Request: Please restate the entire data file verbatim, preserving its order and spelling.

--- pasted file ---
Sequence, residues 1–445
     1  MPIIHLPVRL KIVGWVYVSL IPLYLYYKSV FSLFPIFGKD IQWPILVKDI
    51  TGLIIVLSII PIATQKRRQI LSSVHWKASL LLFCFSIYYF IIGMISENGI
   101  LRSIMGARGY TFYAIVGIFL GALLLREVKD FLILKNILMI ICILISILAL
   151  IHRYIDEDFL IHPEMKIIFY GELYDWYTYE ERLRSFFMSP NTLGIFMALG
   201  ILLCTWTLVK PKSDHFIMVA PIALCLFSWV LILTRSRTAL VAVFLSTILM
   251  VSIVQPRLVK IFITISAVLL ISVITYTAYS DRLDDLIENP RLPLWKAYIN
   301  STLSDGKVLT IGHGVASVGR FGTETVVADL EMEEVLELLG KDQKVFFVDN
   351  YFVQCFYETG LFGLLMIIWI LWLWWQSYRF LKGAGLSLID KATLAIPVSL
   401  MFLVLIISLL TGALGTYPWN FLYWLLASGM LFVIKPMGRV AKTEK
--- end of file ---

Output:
Sequence, residues 1–445
     1  MPIIHLPVRL KIVGWVYVSL IPLYLYYKSV FSLFPIFGKD IQWPILVKDI
    51  TGLIIVLSII PIATQKRRQI LSSVHWKASL LLFCFSIYYF IIGMISENGI
   101  LRSIMGARGY TFYAIVGIFL GALLLREVKD FLILKNILMI ICILISILAL
   151  IHRYIDEDFL IHPEMKIIFY GELYDWYTYE ERLRSFFMSP NTLGIFMALG
   201  ILLCTWTLVK PKSDHFIMVA PIALCLFSWV LILTRSRTAL VAVFLSTILM
   251  VSIVQPRLVK IFITISAVLL ISVITYTAYS DRLDDLIENP RLPLWKAYIN
   301  STLSDGKVLT IGHGVASVGR FGTETVVADL EMEEVLELLG KDQKVFFVDN
   351  YFVQCFYETG LFGLLMIIWI LWLWWQSYRF LKGAGLSLID KATLAIPVSL
   401  MFLVLIISLL TGALGTYPWN FLYWLLASGM LFVIKPMGRV AKTEK